In a life threatening emergency dial Triple Zero (000)

In a life threatening emergency dial Triple Zero (000)
ACT Public Hospitals

Canberra Hospital

5124 0000

Calvary Hospital

6201 6111

Mental Health

Call Mental Health Triage on

1800 629 354

(free call except from mobiles or public phones) or

6205 1065

Poisons Hotline

For a poison emergency in Australia call


Drug and Alcohol Help Line

The Drug and Alcohol Help Line is available 24-hours, 7 days a week on

5124 9977

Health Protection Service

For after hours urgent public health matters including environmental health, radiation safety, food poisoning and communicable disease management phone:

(02) 6205 1700


24 hour health advice

1800 022 222

ACT State Emergency Service

Emergency help
during flood or storms

132 500

ACT Waste Management Strategy

Developed in consultation with the community, the ACT Waste Management Strategy 2011–2025 sets a clear direction for the management of waste in the ACT towards 2025.

The ACT was the first government in the world to set a goal of achieving no waste going to landfill. Launched in 1996, the Waste Management Strategy for Canberra was developed to set the vision and future directions for waste management in the Australian Capital Territory. The 1996 Waste Management Strategy for Canberra (PDF 133KB ) was the result of extensive community consultation which identified a strong desire to achieve a waste free society.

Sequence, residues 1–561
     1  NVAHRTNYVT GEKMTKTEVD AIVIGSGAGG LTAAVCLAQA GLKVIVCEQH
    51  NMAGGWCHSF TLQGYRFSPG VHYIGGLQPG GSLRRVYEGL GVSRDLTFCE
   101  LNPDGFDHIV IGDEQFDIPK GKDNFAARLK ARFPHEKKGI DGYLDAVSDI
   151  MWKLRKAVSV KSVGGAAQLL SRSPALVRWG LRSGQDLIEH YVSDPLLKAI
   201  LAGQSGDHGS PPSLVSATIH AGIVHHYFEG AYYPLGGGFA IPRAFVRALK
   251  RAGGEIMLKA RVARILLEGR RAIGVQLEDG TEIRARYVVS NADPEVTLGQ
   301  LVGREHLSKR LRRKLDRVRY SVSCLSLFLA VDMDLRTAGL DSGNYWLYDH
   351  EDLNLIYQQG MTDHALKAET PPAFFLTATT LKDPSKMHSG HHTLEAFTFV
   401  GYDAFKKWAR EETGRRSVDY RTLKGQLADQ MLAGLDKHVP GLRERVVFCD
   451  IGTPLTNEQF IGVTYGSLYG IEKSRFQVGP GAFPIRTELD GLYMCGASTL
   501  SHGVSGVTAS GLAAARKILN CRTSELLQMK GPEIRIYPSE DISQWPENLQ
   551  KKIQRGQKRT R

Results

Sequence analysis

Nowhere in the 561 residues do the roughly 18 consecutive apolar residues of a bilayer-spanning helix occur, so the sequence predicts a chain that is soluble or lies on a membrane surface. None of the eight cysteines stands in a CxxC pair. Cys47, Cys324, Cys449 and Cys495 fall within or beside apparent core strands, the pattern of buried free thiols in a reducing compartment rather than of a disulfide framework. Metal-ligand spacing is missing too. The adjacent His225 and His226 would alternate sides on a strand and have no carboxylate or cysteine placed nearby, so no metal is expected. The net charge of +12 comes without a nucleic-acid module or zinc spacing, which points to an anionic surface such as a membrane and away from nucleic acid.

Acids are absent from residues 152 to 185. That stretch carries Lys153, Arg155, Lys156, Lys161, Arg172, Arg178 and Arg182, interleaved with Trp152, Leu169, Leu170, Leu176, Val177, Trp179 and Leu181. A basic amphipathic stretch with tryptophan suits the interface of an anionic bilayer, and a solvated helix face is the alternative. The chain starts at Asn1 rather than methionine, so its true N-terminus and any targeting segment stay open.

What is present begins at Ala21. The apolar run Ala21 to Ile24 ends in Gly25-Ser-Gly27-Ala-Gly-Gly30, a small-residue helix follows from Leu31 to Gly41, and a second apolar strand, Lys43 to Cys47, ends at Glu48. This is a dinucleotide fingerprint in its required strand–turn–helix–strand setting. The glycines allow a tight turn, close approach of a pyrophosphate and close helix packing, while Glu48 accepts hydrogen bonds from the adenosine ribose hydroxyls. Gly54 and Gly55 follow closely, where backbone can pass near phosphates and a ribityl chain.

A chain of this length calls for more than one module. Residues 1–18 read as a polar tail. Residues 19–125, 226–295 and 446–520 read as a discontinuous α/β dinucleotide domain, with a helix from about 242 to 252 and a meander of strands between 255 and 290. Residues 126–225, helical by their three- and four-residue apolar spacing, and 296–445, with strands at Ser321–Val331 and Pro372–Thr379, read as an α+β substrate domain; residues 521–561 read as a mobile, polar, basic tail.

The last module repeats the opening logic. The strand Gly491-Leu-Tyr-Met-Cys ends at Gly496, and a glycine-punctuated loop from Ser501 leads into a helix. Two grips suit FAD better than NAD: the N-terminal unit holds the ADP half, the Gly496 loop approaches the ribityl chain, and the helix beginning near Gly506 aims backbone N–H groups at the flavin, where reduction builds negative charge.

The strategy outlined objectives including the Canberra community working to reduce the amount of waste that they produce and for waste to be viewed as a resource, rather than garbage to be thrown into a landfill.

The strategy established a framework for sustainable resource management and lists broad actions which are needed to achieve the aim of a waste-free society. These include:

  • community commitment
  • avoidance and reduction
  • resource recovery
  • residual waste management
  • creative solutions.

Turning Waste into Resources

The ACT Waste Management Strategy cannot succeed without the full support of the wider community as it requires a culture shift, from thinking of unwanted materials as waste to be discarded, to thinking of unwanted materials as resources to be recovered. A range of strategies such as facilitating the development of alternatives to disposal, appropriate waste pricing and/or the development of regulation are needed to effectively reduce the amount of waste going to landfill and to maximise recovery. Waste generators need to take responsibility for the wastes they produce and this requires cultural and attitudinal change that can only be achieved through targeted community engagement, partnership and education programs.